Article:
Dining Out 2 minutes 21 August 2019

Old New York Breathes New Life at Red Hook Tavern

The man behind Hometown Bar-B-Que revitalizes classic tavern fare in Brooklyn.

New York City new opening

After turning Red Hook into a campground for carnivores with Hometown Bar-B-Que, Billy Durney’s long awaited second act, Red Hook Tavern, revitalizes classic New York tavern fare within the waterfront neighborhood. A Brooklyn native who drew inspiration from his relatives—who immigrated to America at the turn of the 20th century—Durney’s latest restaurant demonstrates the popular pitmaster is branching out to new territory in the neighborhood that helped him establish a following.

At Red Hook Tavern, guests might feel as though they’ve walked onto a Martin Scorsese set thanks to turn of the century lighting, dark floral walls and a handmade oak bar created by local artists Martina Crivella and Dallas Owens. The restaurant even got their hands on an old neighborhood liquor store sign to hang above its entranceway. But mixing vintage and handmade decor is only part of Red Hook Tavern’s appeal. Durney’s menu, which was created in collaboration with executive chef Allison Plumer, is a mix of traditional favorites and what the neighborhood restaurant hopes is the next generation of iconic tavern staples.

“When I think of the old great classic taverns my first thought has always been the burger. The burger at Red Hook Tavern is my tribute to the one that inspired me the most, which [is] at Peter Luger in Williamsburg, Brooklyn,” says Durney. Red Hook Tavern’s burger is made of dry-aged beef and served with white onion and American cheese on a sesame bun. There’s also a bone-in 45 day dry-aged New York strip steak served with garlic butter and creamed spinach for those craving a casual steak night. However, modern touches are evident in many classic dishes, which give the menu an identity that’s very much its own. Littleneck clams are served in a broth of chile oil along with garlic, white wine and shallots. A charcuterie board includes venison, wild boar, and citrus-marinated fennel and celery. And when it comes to entrées, vegetables are front and center. Roasted corn is served with 'nduja, basil, lemon and radicchio cups, while brown butter-roasted fennel is accompanied by white bean purée. Though the record books may not turn up much evidence for ice cream being served at these establishments, for dessert, guests can select from two different gelatos, including one served with homemade fudge.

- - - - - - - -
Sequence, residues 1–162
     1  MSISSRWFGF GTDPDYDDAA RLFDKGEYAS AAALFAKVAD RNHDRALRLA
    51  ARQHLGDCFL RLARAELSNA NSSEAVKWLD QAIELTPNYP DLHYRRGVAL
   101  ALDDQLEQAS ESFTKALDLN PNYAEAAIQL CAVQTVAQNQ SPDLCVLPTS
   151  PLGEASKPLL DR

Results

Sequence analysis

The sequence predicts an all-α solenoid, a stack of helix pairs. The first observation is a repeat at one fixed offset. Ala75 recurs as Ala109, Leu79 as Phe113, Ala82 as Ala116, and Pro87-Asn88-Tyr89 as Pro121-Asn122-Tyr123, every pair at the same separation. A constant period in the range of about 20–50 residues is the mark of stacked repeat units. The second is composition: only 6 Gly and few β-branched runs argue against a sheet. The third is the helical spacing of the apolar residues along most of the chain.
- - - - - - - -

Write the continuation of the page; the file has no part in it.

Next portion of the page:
Like any tavern, drinks play a big part in creating the vibe. For Billy Durney, creating a wine list that captured the passion of today’s wine makers and growers was a central theme of differentiating his restaurant from the taverns of old. And the proprietor put in the work to research exactly which wines he wanted to showcase. “We tasted approximately 600 wines to narrow down to a list of 160 bottles and 15 by the glass options to serve at our 40-seat tavern,” explains Durney. Beer drinkers will notice that the menu pays tribute to McSorley’s Old Ale House, widely considered New York City’s oldest Irish pub, with versions of light and dark beer available. “Being able to pay homage to their light and dark ale has been a lifelong dream,” says Durney, who noted that McSorley’s was his all-time favorite bar. The Brooklyn native also made sure to feature the fine work of a few local breweries, such as Folksbier’s Old Bavarian Lager.

However, while a majority of the tavern is built on the stories and recipes passed down from New York lore, the drinks menu reads like a global adventure the likes of which Ernest Hemingway would approve. “Our cocktail list created by Kenneth Crum, our GM and sommelier, was a thoughtful glance back to some historic restaurants, bars and hotels,” explains Durney. Cocktails like The Bird of Paradise originate from The Strangers Club in Panama City, while the Modder River cocktail is a recipe from Harry Craddock during his time at The Savoy in London. Like the food menu, the cocktail menu hopes to bring back unique combinations of ingredients that were forgotten along the way.

Though the establishments of old may not have had an official reservation policy, guests who are interested in being transported back in time are encouraged to make a reservation online. Red Hook Tavern also accommodates walk-ins on a first-come, first-served basis. The restaurant is currently open for dinner Tuesday through Saturday from 5:00 p.m. to 11:00 p.m. and on Sunday from 5:00 p.m. to 10:00 p.m. The restaurant is closed on Monday.

Photos by Daniel Krieger/Red Hook Tavern.

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